I quickly tied on another FLIG, got it back in the water and swung the boat back toward the spot. I had made sure to dramatically loosen the drag. Ten minutes later the same rod got hit. This time I set and felt the fish, but the line peeled off with the loosened drag and went slack. By the time I got it tight again the fish was gone. I had over corrected, again. This wasn’t supposed to happen, on my Birthday, I mumbled. “Your birthday,” said Craig? “I think you may be second guessing yourself.”

Shortly after checking the bait and carefully resetting the drag, I had another hit. This one went textbook: Reel down, feel the tug, set the hook, fish on! I almost wondered why something hadn’t gone wrong! I finally got a 23” cat in the boat. I had broken the string of missed opportunities. Ten more minutes and another balloon rod hit, and another cat, this time almost 26.

Before the little flurry had started, the wind had picked up out of the East and Craig was starting to get cold. I had found him a hat and pair of gloves, it was the least I could do since he was sticking it out so I could get at least one cat. Now I asked him how he was doing and he said: “Fine, funny how catching fish warms you up.”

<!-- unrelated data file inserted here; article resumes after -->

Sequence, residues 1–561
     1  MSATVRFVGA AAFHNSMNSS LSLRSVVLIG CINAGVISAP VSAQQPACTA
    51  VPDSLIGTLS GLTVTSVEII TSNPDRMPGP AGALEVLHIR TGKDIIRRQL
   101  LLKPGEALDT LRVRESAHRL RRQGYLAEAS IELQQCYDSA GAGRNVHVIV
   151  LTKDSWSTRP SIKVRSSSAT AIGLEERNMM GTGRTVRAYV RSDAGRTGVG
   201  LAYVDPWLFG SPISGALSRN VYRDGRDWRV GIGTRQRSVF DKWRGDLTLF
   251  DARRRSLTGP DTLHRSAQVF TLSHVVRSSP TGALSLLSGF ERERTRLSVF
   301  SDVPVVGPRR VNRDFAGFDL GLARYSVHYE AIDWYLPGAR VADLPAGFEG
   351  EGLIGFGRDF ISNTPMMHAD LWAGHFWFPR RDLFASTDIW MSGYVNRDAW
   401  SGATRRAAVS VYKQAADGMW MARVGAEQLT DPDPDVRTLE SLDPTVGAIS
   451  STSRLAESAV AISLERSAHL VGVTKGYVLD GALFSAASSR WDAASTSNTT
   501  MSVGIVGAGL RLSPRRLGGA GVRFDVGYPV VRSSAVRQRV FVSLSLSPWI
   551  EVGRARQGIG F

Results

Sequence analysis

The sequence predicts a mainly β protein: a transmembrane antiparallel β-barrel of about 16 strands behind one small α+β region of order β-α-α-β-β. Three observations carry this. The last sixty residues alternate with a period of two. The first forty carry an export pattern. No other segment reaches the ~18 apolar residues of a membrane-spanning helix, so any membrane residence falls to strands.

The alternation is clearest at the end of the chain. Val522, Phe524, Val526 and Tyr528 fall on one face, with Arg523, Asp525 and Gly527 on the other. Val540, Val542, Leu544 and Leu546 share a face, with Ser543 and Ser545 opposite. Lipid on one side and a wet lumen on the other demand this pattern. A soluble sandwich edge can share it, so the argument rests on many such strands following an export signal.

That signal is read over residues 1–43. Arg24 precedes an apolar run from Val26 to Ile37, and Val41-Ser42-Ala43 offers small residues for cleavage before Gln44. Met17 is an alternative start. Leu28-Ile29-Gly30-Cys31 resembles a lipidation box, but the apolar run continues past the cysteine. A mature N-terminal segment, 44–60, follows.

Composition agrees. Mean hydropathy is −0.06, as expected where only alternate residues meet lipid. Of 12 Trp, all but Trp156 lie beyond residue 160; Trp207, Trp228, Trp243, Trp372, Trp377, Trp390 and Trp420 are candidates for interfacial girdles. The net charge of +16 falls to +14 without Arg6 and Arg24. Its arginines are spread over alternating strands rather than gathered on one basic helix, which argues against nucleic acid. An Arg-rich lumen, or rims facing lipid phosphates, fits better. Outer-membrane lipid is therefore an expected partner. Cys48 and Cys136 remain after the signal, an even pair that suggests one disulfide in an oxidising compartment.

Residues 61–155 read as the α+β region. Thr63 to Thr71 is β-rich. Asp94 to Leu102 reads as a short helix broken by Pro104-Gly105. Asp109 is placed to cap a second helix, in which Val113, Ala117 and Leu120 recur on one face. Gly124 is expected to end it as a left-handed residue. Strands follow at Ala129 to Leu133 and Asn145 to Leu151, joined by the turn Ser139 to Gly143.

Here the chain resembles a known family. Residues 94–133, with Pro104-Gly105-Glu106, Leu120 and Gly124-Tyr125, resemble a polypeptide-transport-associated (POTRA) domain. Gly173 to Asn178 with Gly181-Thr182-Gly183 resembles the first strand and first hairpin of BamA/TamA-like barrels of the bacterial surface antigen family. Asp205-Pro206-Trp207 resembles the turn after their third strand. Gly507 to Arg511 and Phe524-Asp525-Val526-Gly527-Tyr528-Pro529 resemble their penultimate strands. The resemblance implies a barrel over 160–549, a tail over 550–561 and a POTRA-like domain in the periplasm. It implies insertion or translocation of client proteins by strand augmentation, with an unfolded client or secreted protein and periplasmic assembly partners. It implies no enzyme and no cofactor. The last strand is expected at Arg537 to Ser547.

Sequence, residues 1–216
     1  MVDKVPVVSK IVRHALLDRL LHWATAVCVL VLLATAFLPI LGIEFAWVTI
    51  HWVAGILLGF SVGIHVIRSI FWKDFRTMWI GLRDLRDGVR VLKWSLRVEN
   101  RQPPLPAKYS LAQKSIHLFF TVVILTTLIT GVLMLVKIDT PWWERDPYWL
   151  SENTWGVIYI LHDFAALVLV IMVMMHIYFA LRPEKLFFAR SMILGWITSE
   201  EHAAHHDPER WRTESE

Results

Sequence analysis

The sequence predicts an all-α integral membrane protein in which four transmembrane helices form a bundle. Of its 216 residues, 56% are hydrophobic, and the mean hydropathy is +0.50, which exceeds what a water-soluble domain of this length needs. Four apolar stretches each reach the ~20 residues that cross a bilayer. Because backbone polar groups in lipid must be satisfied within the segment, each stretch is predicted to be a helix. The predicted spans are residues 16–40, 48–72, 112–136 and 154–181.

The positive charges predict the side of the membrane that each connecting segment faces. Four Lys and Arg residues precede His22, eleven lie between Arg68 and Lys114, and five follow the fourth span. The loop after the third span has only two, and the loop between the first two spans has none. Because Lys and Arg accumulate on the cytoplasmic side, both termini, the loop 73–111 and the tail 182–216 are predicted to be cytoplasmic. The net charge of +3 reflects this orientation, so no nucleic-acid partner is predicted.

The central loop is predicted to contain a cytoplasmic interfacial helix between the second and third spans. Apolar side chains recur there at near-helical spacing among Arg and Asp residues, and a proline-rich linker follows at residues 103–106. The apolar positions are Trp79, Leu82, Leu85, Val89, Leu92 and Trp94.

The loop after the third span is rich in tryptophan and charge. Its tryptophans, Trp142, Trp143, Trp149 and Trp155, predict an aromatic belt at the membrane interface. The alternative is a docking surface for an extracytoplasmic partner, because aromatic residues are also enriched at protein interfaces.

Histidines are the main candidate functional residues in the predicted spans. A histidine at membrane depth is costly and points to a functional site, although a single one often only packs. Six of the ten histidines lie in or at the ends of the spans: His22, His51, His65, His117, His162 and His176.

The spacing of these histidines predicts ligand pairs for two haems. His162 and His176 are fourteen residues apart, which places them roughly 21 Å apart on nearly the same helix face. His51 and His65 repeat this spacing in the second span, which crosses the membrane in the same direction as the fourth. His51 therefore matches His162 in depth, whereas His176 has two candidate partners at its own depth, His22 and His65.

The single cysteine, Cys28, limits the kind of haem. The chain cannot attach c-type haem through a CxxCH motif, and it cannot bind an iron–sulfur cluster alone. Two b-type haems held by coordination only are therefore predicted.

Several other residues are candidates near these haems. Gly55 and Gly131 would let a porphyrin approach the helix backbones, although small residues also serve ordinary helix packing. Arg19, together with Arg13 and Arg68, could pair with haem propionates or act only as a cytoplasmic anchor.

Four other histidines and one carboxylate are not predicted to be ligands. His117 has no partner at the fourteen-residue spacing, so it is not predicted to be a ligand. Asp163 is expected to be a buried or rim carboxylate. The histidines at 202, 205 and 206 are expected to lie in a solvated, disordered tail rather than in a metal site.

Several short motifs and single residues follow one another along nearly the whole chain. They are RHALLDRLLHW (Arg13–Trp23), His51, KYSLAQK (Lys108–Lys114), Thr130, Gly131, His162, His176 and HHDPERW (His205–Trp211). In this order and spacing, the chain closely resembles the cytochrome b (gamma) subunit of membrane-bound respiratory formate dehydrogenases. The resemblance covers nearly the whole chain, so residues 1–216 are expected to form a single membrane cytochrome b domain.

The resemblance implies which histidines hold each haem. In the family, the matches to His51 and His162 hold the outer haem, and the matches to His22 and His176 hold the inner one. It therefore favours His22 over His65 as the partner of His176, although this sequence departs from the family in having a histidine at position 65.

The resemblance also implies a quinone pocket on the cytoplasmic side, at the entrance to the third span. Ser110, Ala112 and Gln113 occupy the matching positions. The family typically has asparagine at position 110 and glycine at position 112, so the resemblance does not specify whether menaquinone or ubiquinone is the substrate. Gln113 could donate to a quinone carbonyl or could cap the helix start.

We were at the dark plus 60 minutes I had set as our end time, but the fish were biting so we agreed to make one more pass and then head for port. After the last fish I had a frustrating (and vocal) tangle with two of my rods and in the mix I decided to bag the balloon and put out a different rod. 15 minutes and it got nailed. When I set the hook I said: “Either this one is really ticked or it is a better fish.” I actually got a couple of short runs and had to wait out several dogged passes as it refused to come to the top. When we got it in the boat it was about 9 pounds and 28.” Happy Birthday to me!

I had gone from seven consecutive missed chances to my first three fish for the contest, in less than an hour. Craig said: “Wow, I was up 2 to nothing and just like that it’s 3 to 2. We agreed to stick it out a little longer to try to get Craig’s third fish. It went dead for 20 minutes and they his same rod bent over again. I knew he was going to make it because his circle hooks almost never let got, but this one did. We both just looked at each other wondering what had happened. But that was it. We trolled in between the dikes and 2/3 of the way up the channel, but no more hits.